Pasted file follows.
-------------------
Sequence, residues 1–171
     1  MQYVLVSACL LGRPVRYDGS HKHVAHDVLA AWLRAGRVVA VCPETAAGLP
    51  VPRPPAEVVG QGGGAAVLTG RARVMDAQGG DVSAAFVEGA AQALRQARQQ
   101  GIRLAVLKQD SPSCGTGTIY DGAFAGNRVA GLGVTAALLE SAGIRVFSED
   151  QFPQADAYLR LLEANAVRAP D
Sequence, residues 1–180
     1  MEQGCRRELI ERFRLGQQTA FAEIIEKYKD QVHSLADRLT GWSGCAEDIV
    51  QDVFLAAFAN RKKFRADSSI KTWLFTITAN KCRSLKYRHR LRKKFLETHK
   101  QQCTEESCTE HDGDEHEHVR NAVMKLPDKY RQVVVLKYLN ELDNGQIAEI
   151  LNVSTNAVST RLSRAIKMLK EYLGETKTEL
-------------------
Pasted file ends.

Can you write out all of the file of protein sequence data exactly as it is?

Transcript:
Sequence, residues 1–171
     1  MQYVLVSACL LGRPVRYDGS HKHVAHDVLA AWLRAGRVVA VCPETAAGLP
    51  VPRPPAEVVG QGGGAAVLTG RARVMDAQGG DVSAAFVEGA AQALRQARQQ
   101  GIRLAVLKQD SPSCGTGTIY DGAFAGNRVA GLGVTAALLE SAGIRVFSED
   151  QFPQADAYLR LLEANAVRAP D
Sequence, residues 1–180
     1  MEQGCRRELI ERFRLGQQTA FAEIIEKYKD QVHSLADRLT GWSGCAEDIV
    51  QDVFLAAFAN RKKFRADSSI KTWLFTITAN KCRSLKYRHR LRKKFLETHK
   101  QQCTEESCTE HDGDEHEHVR NAVMKLPDKY RQVVVLKYLN ELDNGQIAEI
   151  LNVSTNAVST RLSRAIKMLK EYLGETKTEL